Some sporadic insights into academia.
Science is Fascinating.
Scientists are slightly peculiar.
Here are the views of one of them.

Thursday, 28 September 2017

Publishing Do's and Don'ts

This first appeared on Times Higher Education

Do: Get writing.
Every paper has a home. Sadly papers do not write themselves. If you don’t write it, no one else will. This applies at all stages of your career. The writing process clarifies ideas, identifies gaps and suggests key experiments. You may be doing the best research in the world, but work unpublished is effectively work undone. Knowing when to stop, when that one last experiment is not needed and it’s time to wrap up is critical. Careers falter on lack of publications and there are many roadblocks to getting your work published, don’t let one of those roadblocks be you.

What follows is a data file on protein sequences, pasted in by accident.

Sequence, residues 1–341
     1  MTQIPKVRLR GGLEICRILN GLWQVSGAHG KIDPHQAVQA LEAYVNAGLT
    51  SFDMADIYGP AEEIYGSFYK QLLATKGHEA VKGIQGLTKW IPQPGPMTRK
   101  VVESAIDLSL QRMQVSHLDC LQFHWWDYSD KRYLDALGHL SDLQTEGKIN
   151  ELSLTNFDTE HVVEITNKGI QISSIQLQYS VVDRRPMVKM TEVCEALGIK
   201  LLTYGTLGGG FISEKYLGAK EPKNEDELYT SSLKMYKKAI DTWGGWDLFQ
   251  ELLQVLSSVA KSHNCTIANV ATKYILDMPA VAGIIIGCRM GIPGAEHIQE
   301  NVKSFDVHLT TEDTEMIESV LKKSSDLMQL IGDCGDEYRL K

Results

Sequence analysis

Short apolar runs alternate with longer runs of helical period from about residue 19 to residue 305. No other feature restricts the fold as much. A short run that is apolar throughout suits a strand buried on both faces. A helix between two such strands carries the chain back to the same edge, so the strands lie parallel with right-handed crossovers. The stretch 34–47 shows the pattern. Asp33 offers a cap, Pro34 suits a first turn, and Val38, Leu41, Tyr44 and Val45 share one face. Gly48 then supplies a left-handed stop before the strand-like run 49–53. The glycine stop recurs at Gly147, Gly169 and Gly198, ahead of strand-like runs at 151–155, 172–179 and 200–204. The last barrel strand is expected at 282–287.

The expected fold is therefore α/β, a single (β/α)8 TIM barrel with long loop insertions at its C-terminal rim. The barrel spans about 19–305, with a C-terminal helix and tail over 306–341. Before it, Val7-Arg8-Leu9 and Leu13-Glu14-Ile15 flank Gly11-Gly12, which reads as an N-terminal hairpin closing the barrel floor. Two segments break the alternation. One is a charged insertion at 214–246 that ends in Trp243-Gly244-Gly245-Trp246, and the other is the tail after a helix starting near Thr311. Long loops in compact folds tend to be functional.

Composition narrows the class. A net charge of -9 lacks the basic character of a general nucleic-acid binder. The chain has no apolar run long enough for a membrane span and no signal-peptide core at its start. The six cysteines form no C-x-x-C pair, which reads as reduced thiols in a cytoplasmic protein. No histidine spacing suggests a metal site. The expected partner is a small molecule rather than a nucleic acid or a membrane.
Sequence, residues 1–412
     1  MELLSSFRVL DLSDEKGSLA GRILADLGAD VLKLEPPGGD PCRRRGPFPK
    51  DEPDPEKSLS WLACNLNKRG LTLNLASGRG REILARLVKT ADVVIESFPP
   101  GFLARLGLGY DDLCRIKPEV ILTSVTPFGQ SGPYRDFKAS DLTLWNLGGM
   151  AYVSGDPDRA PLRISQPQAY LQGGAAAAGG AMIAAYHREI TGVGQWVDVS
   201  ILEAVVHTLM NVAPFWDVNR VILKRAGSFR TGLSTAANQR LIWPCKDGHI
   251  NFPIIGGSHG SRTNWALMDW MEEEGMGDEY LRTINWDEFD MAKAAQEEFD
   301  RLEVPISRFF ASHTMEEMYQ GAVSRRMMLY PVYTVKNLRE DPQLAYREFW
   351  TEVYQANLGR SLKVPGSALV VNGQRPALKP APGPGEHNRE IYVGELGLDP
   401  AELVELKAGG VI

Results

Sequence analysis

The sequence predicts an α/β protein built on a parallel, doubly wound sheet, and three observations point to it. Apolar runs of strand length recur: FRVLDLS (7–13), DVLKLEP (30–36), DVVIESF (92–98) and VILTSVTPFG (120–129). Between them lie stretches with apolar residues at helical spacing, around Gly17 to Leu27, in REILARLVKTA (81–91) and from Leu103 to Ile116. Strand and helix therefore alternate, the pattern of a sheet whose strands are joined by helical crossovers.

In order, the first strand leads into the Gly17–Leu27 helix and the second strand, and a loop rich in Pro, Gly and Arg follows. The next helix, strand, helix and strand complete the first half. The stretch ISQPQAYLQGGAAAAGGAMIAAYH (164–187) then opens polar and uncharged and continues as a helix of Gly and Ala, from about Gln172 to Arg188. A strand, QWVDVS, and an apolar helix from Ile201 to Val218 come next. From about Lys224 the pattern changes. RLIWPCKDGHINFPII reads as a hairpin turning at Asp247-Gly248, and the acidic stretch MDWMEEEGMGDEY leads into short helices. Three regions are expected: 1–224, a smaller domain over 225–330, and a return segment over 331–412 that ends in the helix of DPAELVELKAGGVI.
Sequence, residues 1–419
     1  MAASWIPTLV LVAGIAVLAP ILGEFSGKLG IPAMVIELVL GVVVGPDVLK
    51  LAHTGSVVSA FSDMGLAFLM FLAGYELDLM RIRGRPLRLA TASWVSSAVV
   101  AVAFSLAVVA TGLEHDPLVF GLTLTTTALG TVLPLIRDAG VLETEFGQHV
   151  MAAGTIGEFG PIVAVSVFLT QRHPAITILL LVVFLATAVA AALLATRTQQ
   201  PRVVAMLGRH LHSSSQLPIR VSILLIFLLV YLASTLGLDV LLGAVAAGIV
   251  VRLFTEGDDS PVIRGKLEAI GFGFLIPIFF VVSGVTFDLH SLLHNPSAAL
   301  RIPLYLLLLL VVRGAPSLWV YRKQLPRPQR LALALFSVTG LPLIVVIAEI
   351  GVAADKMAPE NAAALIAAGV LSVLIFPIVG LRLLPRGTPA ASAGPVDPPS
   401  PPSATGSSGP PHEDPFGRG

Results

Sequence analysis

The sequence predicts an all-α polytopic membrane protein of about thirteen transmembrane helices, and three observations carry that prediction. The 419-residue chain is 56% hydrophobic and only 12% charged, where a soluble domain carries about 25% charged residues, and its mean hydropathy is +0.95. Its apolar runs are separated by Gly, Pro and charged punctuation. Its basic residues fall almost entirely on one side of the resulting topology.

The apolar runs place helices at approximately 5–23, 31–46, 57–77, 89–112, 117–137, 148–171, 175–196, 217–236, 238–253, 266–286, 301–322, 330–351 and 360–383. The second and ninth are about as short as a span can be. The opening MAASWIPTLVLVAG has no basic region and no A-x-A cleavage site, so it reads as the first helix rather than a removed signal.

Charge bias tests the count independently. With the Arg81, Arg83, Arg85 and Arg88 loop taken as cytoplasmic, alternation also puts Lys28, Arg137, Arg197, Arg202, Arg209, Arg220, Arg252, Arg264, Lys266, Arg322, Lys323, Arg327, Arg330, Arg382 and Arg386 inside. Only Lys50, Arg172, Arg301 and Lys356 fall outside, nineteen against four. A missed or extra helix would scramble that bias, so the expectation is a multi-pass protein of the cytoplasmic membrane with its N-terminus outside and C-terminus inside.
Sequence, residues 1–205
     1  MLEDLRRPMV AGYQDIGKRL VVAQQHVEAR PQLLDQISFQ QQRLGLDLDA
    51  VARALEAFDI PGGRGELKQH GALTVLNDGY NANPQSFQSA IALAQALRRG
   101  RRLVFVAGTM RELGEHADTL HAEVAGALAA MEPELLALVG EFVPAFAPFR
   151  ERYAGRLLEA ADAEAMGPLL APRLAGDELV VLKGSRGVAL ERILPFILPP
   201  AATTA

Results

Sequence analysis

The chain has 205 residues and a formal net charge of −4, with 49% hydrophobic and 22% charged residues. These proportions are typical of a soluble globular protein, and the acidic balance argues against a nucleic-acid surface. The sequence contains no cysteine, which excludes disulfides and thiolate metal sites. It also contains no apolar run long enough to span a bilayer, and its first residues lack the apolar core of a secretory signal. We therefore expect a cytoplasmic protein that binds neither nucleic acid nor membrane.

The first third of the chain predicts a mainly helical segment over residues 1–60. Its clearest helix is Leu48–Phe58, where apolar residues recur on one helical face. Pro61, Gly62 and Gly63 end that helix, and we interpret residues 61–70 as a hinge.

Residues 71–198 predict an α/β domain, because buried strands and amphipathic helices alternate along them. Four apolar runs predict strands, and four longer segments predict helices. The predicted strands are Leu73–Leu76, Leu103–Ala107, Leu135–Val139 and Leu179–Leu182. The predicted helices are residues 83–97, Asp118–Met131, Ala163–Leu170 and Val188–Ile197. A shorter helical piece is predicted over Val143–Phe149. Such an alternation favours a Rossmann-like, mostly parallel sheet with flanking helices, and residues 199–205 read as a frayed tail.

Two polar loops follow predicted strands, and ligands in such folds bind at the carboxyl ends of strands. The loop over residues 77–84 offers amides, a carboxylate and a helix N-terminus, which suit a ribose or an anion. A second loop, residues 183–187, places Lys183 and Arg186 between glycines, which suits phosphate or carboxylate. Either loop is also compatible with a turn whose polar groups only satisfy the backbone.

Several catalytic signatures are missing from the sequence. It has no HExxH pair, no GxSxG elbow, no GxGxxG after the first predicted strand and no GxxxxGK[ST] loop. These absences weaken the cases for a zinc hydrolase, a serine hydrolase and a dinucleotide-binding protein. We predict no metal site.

Don’t: Aim for perfection.

Done is better than perfect. Yes the work has to be of a high standard, but no paper will ever hit perfection: aiming for this impossible goal will delay publication. I like to use the unlikely analogy of rifle cleaning. No matter how much you cleaned a rifle, the inspecting officer could always find hidden dirt: however, if you took it 90% clean, though they still found fault, but that fault was fixable. Ditto papers, even if ‘perfect’ the reviewers will always find fault. Better to leave a fixable hole and get published than get scooped aiming for the moon.

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